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In Final Phase Of Bihar Election Today, 78 Seats Up For Grabs: 10 Points

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Bihar election 2020 third phase: Voting will be held on 78 seats today (File)

Patna/New Delhi:
The third and final phase of voting in the Bihar assembly election today will see people in 78 constituencies vote to choose their next government. At least 1,204 candidates are contesting in the final phase. Some of the prominent candidates in this phase are the BJP’s Niraj Kumar Singh in Chhatapur seat, cousin of actor Sushant Singh Rajput; Congress’s Bihariganj candidate Subhashini Sharad Yadav, daughter of former Union minister Sharad Yadav; Janata Dal United’s Sarairanjan candidate Vijay Kumar Choudhary, who is also the Bihar assembly Speaker, and BJP’s Suresh Kumar Sharma, the Urban Development Minister contesting from Muzaffarpur. Voting will also be held for the Valmiki Nagar Lok Sabha seat, where a by-election was necessitated by the death of JD(U) MP Baidyanath Mahato.

Here’s your 10-point cheatsheet to this big story:

  1. The JD(U) bid to retain the Valmiki Nagar parliamentary seat by fielding Baidyanath Mahato’s son Sunil Kumar is facing a challenge from Congress candidate Pravesh Kumar Mishra, a journalist-turned-politician. Like Valmiki Nagar, the 78 assembly segments spread across 19 districts also fall in north Bihar, as areas falling north of the Ganges in the state are called.

  2. Many of these areas fall in the Kosi-Seemanchal region, where the contest between the National Democratic Alliance (NDA) and the Grand Alliance will be held under the shadow of the “Owaisi factor”, given that the AIMIM has fielded candidates in many of the Muslim-dominated seats here, and Hyderabad MP Asaduddin Owaisi had carried out a relatively big campaign.

  3. The Kosi-Seemanchal region also happens to be the main area of influence for former MP Pappu Yadav, whose Jan Adhikar Party is looking to make its presence felt and prove a point to the Rashtriya Janata Dal as both draw their support from the state’s most populous community, the Yadavs.

  4. As in the previous two phases, candidates of Chirag Paswan’s Lok Janshakti Party (LJP) are contesting in a number of seats this time, threatening the JD(U). While the NDA looked surefooted till a few months ago, the ruling coalition seemed to have taken a more cautious note as appeals to voters came from Prime Minister Narendra Modi and Chief Minister Nitish Kumar towards the end of the campaign.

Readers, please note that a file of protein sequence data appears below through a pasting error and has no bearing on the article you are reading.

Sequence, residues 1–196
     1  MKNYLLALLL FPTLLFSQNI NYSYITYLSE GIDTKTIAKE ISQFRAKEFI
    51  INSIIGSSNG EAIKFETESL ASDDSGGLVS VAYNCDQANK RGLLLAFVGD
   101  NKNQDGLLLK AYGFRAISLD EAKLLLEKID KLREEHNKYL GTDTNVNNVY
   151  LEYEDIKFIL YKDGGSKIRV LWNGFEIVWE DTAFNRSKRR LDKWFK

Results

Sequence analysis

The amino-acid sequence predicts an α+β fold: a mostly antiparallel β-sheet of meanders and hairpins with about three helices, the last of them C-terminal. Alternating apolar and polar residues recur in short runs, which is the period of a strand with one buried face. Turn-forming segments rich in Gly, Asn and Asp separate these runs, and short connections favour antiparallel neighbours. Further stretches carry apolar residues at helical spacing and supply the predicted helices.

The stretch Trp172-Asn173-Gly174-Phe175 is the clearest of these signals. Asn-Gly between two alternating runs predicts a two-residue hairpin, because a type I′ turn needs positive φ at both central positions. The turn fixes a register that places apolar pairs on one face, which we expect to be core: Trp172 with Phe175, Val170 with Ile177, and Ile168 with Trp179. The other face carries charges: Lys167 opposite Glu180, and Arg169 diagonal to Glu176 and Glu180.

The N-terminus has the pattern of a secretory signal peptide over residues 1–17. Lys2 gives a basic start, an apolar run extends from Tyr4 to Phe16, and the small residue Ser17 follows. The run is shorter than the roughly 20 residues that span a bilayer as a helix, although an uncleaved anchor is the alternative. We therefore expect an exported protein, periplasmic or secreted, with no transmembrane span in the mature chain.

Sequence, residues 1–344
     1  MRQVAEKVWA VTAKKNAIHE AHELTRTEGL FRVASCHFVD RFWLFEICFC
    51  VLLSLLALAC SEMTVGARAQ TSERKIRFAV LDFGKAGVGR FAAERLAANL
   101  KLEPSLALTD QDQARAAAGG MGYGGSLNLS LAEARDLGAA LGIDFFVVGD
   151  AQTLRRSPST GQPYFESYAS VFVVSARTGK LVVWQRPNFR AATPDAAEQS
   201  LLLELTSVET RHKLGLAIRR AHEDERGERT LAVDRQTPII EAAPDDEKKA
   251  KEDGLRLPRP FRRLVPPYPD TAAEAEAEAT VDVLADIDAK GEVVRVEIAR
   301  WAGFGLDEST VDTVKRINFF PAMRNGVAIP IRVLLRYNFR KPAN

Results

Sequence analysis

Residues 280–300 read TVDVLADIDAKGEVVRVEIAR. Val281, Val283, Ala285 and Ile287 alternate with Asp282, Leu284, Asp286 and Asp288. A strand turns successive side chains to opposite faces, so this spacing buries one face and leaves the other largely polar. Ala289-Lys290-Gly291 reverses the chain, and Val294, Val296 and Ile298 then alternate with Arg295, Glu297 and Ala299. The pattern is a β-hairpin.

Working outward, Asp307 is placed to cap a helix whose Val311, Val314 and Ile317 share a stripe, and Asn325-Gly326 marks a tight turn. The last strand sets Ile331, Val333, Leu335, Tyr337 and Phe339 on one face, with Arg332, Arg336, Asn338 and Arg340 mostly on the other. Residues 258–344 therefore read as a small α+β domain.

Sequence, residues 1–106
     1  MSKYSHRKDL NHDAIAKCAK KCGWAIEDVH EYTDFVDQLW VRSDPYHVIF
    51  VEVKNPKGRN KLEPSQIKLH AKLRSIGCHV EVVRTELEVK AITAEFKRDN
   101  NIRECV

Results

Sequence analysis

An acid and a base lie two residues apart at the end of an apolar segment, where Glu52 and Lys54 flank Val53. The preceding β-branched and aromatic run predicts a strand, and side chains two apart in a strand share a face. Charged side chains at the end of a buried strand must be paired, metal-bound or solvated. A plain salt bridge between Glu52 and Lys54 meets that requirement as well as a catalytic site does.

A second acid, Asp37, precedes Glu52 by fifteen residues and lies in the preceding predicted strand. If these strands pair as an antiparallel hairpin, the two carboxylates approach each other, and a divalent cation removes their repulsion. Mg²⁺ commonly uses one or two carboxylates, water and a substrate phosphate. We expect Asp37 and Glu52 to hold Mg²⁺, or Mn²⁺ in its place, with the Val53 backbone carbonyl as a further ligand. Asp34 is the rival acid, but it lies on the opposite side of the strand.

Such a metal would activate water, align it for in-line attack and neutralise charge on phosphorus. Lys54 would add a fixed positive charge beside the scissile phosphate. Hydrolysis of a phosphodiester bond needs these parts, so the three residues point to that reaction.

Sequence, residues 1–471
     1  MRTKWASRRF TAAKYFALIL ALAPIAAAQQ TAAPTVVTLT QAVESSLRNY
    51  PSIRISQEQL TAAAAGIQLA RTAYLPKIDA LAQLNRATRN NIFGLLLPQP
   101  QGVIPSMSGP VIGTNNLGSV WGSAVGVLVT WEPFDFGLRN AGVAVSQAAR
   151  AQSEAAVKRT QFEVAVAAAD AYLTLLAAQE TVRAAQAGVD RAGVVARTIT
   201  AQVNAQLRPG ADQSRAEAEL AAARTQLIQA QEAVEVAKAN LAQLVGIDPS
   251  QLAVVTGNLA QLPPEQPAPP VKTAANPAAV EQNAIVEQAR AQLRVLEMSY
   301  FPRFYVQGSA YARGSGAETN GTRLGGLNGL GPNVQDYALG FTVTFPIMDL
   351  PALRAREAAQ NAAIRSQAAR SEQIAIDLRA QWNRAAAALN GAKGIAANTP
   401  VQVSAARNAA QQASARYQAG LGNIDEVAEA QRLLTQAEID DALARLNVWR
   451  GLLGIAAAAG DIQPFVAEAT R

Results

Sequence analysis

5. The RJD, once considered an election-winning machine in Bihar, is hoping for a comeback, enthused by the response its chief ministerial candidate Tejashwi Yadav, 31, received in his over two dozen rallies. The RJD is part of an alliance comprising its old ally, the Congress, besides the Left parties.

  6. Some 2.34 crore voters spread across the 78 assembly constituencies will vote today. The full strength of the Bihar assembly is 243. The voting percentage in the second phase on 94 seats was 55.70 per cent. The votes will be counted on November 10.

  7. In the second phase held on November 3, 94 seats were up for election, a chunk of them were BJP’s strongholds in north Bihar. The key candidates included Tejashwi Yadav and his brother Tej Pratap Yadav.

  8. Despite warnings by “extreme cynics” about holding the Bihar assembly election amid the COVID-19 pandemic, the situation so far was reasonably good with two phases of voting completed, Chief Election Commissioner Sunil Arora said on Thursday. “There was no dearth of sceptics, no dearth of cynics, no dearth of extreme cynics who were making doomsday predictions for us… But here we are so far in a reasonably good shape,” he said.

  9. Due to the pandemic, nearly 60 countries had postponed elections. Later, countries including Sri Lanka, South Korea, Croatia and Mangolia held elections. The Election Commission does meticulous planning for all polls. But this time, the “new dimension” of coronavirus created more challenges, the Chief Election Commissioner had said.

  10. Those who are 80 and above, and those with special needs, were given the option of using postal ballot. But most of them preferred to go to the polling booth to vote, Mr Arora said.

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